If protein is a building block for muscle, then you will never gain fat from overeating protein, right? Sorry, Timmy, but the weight can definitely creep on if your caloric equation shifts toward a surplus. While it is harder for protein to convert into fat than its other macronutrient buddies, if you eat way more than your body needs—no matter what it is—the excess could go into fat deposits. Plus, as your protein intake goes up, protein oxidation increases, which means you’ll burn fewer carbs or fats for fuel.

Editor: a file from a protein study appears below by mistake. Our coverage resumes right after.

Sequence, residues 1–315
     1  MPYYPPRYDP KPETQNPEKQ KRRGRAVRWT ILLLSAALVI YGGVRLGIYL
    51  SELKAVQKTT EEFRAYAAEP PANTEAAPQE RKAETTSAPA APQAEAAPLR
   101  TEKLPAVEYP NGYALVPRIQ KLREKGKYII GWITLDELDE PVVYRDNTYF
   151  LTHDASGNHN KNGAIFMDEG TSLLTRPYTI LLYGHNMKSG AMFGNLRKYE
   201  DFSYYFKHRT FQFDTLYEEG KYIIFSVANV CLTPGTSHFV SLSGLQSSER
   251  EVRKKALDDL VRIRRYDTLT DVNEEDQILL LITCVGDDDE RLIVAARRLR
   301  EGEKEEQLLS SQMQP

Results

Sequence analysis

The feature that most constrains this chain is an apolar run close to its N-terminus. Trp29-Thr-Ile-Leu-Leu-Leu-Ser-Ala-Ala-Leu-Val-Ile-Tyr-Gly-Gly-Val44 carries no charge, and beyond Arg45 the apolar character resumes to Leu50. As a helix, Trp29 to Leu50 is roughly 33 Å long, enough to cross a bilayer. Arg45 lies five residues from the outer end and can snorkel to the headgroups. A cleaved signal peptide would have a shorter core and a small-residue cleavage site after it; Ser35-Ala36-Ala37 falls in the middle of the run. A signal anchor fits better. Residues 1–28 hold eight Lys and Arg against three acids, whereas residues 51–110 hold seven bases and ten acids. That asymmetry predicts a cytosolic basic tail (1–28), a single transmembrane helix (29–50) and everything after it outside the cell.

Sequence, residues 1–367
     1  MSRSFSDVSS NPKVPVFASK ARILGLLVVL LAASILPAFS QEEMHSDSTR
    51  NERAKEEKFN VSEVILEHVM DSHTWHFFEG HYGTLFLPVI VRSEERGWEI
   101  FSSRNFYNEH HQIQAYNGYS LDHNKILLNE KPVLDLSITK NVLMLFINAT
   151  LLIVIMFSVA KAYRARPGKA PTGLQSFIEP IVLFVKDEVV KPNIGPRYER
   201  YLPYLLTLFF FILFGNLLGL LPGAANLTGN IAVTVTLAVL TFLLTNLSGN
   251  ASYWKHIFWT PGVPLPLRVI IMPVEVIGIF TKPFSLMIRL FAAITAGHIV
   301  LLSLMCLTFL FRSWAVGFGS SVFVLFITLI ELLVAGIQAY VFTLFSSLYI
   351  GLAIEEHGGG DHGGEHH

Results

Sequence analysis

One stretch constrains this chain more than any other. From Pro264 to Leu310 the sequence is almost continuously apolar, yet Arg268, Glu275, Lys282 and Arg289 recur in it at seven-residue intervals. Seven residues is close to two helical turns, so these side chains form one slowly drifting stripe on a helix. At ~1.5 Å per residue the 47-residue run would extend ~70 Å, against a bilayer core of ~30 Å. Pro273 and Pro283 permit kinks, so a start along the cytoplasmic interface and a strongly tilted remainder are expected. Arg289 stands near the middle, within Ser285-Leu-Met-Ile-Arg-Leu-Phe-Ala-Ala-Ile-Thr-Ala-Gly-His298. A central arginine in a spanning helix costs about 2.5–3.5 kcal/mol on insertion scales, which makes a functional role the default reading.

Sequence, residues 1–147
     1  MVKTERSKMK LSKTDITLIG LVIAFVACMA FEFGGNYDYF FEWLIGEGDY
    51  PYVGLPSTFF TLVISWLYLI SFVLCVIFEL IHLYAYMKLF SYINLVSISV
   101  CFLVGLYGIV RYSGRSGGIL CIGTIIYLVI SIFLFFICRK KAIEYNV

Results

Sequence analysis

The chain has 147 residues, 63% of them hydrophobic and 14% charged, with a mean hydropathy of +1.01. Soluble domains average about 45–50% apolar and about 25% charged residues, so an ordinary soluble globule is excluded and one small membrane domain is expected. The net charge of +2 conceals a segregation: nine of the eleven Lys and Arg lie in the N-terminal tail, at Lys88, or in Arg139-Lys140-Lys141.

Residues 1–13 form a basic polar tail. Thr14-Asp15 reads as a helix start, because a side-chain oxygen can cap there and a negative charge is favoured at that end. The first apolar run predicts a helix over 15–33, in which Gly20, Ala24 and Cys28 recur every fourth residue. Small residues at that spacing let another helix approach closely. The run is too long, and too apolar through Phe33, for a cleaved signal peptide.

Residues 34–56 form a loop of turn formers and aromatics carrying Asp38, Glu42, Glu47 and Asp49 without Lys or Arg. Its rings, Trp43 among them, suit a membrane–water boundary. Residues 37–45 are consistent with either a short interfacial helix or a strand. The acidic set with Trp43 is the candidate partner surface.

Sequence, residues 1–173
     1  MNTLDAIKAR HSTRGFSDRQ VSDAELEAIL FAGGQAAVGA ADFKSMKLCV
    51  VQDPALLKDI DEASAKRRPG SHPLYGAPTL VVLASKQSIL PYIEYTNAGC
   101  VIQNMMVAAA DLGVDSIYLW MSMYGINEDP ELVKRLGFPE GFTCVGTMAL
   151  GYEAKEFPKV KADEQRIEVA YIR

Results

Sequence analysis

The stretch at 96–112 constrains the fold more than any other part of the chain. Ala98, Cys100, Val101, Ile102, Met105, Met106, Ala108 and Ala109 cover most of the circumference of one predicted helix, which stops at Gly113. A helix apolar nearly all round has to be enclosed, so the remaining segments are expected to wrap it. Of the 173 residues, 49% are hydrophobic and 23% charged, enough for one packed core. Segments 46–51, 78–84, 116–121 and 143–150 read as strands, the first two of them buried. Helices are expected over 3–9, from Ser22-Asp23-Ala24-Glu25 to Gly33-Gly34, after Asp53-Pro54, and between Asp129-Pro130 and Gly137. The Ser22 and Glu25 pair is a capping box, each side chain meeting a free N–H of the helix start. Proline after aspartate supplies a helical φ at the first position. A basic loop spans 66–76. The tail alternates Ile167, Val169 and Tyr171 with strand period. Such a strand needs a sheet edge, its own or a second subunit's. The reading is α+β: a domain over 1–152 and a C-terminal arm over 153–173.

Beyond that, protein quality is measured in a variety of ways, including biological value, net protein utilization, and the Protein Digestibility Corrected Amino Acids Score (PDCAAS). The PDCAAS test is the FDA’s preferred method of determining protein quality. A PDCAAS value of 1 is the best possible score. Casein, whey, egg white, and soy protein all fall into this category, so they’re all stellar protein sources.